Monday, 7 June 2010

Buying Caviar By The Terabyte

Some of you may remember that back in March I blogged about a rather poorly researched/written news article on the BBC's website. The article was about a change to the way computer hard drives are manufactured, moving from 512 byte to 4K sectors. At the time I claimed that it was a complete non-story that seemed to be aimed at scaring users of Windows XP to upgrade to Vista or Windows 7. Well I now know just how much of a non-story it really was.

Having recently run out of disk space (again) I decided to add another drive to my computer. Given the difference in price between the different drives I was looking at I eventually opted to buy a Western Digital Caviar Green 1.5 Terabyte drive. The drive is clearly labeled as using the advanced format and explains how to configure the drive depending on how you will be using it. Having installed and formatted the drive I visited Western Digital's Advanced Format webpage and downloaded their recommended tool for aligning the 512 byte and 4K sectors to provide optimal performance. I loaded up the tool (a simple to use graphical affair), selected the disk to align and 10 seconds later the job was done. Ten seconds, that was all it took to align the sectors. That just shows how much of a non-story the original news article was. For anyone who can read the label on the drive there is no problem at all.

What really scares me is the amount of disk space I now have. I have three drives in my computer totaling over 2TB. Given that the first computer I used with a hard drive (I so don't miss loading programs from tape) was my Dad's laptop that would hold about 80MB of data 2TB seems insane. How times change.
7 June 2010 at 15:46 , Ian said...

I remember our first 20 mb hard disk. The man in the store assured us that we would never fill it. He was very wrong. I wouldn't like to think how much it cost either!

8 June 2010 at 09:31 , Mark said...

Yeah, it took us an age to get anywhere near filling the 80MB of storage on that laptop. By the time we did the laptop itself was quickly becoming an antique. What is weird is that I can't actually remember who small that hard drive was. I know it would hold about 80MB of stuff but that was only with DoubleSpace active to make more out of the tiny disk. I'm guessing it was probably around the 40MB mark (taking a guess from the name DoubleSpace).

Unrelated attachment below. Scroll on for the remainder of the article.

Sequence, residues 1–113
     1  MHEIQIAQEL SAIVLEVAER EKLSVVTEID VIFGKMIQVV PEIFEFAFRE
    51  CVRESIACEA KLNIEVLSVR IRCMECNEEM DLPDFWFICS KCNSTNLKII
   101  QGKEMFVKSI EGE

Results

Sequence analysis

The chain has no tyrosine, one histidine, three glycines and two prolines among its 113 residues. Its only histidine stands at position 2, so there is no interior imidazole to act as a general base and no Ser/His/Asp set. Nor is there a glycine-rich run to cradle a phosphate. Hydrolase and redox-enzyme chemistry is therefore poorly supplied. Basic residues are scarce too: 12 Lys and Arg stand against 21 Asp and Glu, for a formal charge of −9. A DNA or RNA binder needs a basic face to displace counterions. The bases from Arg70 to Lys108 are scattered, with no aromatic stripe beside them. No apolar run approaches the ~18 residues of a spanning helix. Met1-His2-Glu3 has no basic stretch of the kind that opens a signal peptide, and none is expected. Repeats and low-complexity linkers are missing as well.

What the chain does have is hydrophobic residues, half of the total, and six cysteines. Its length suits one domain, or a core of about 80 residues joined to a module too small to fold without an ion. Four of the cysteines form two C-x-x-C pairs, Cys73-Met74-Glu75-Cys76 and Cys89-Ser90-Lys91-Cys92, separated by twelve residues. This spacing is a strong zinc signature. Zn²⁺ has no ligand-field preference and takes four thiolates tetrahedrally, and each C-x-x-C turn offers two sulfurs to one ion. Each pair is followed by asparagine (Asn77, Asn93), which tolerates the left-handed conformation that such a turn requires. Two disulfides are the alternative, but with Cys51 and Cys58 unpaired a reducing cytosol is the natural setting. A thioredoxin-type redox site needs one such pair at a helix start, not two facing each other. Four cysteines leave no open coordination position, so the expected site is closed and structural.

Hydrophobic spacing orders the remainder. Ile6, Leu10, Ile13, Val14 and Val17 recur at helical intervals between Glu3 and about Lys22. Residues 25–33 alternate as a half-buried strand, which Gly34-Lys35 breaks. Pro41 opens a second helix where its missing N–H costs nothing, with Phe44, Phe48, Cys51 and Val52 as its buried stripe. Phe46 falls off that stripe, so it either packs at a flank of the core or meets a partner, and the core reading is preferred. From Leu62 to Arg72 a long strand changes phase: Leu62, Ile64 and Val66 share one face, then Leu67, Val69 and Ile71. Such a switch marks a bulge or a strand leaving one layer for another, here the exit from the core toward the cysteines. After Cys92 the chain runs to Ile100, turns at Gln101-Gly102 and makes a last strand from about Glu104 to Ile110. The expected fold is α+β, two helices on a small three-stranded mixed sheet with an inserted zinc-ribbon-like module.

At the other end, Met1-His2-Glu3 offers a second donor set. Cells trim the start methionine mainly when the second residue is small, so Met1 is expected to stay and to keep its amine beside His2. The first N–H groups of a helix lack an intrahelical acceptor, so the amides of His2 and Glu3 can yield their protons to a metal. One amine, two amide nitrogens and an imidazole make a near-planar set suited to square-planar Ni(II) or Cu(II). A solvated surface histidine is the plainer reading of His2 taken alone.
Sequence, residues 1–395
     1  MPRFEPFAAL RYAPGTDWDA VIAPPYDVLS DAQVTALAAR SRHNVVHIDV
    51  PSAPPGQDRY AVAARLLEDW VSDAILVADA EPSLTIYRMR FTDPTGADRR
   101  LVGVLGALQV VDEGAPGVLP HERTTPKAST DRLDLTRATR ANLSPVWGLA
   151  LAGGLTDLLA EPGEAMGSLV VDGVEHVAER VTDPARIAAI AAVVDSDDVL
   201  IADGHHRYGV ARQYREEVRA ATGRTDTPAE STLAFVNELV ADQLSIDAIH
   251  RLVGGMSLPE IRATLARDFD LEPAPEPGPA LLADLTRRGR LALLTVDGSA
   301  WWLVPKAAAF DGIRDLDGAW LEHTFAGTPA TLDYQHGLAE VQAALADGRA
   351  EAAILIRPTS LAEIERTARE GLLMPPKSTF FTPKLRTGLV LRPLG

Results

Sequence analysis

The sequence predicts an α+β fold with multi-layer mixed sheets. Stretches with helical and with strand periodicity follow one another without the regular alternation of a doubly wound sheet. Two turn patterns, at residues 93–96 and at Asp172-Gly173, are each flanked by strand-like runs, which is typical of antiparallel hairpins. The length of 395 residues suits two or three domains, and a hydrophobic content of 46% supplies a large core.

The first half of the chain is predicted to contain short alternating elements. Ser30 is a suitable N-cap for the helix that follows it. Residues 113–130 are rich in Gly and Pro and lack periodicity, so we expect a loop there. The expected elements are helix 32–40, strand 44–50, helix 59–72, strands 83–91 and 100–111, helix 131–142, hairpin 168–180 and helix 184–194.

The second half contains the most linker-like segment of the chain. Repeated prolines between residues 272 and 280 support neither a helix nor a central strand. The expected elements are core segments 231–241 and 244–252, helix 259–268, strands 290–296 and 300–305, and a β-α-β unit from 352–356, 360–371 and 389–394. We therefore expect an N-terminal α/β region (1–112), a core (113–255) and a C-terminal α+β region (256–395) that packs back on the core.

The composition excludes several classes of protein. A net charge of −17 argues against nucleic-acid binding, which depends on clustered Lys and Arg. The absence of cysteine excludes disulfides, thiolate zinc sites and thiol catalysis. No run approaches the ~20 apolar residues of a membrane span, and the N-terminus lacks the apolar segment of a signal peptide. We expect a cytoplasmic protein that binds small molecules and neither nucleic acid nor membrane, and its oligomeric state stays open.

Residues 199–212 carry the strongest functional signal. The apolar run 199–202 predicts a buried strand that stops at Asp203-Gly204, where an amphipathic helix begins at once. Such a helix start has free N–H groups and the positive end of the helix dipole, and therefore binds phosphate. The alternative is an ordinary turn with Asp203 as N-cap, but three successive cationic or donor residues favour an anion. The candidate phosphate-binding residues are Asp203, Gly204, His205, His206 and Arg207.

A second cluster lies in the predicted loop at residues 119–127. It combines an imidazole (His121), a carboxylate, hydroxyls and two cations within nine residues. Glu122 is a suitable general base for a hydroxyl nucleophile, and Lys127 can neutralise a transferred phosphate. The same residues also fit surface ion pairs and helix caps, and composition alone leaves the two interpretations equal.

I suppose the main reason they took so long to fill was no one had MP3 collections or full length movies on their computers back then. Word documents, no matter how many pictures you include, don't really get huge, especially when the pictures are just line art as there are no digital cameras to provide great photos!

8 June 2010 at 10:38 , Ian said...

DoubleSpace -- sounds familiar, I remember the later version DriveSpace in MS-DOS 6.22, we upgraded specially (using a free cover disk from PC Review magazine) having eventually filled the 20 mb (probably by copying 1.44 mb disks onto the HD! or recording wav files!) and then had to delete eveything and start again with DriveSpace. I remember worrying that the OS was being compressed too!

I can remember that like it was yesterday, but I struggle to remember what happened last week ...

11 June 2010 at 08:14 , GB said...

Gosh. Reminders of things I'd forgotten - probably wiped when I did my own memory re-format! Even I have just supplemented/rationalised my many WD Passport drives with a WD 1Tb external drive.

Talking of memory though my first computer used two separate 5" floppy drives and had no internal storage memory.

Before that my memory of personal computers was the ZX Spectrum. Andrew started his computer career programming that in Basic at a very early age.

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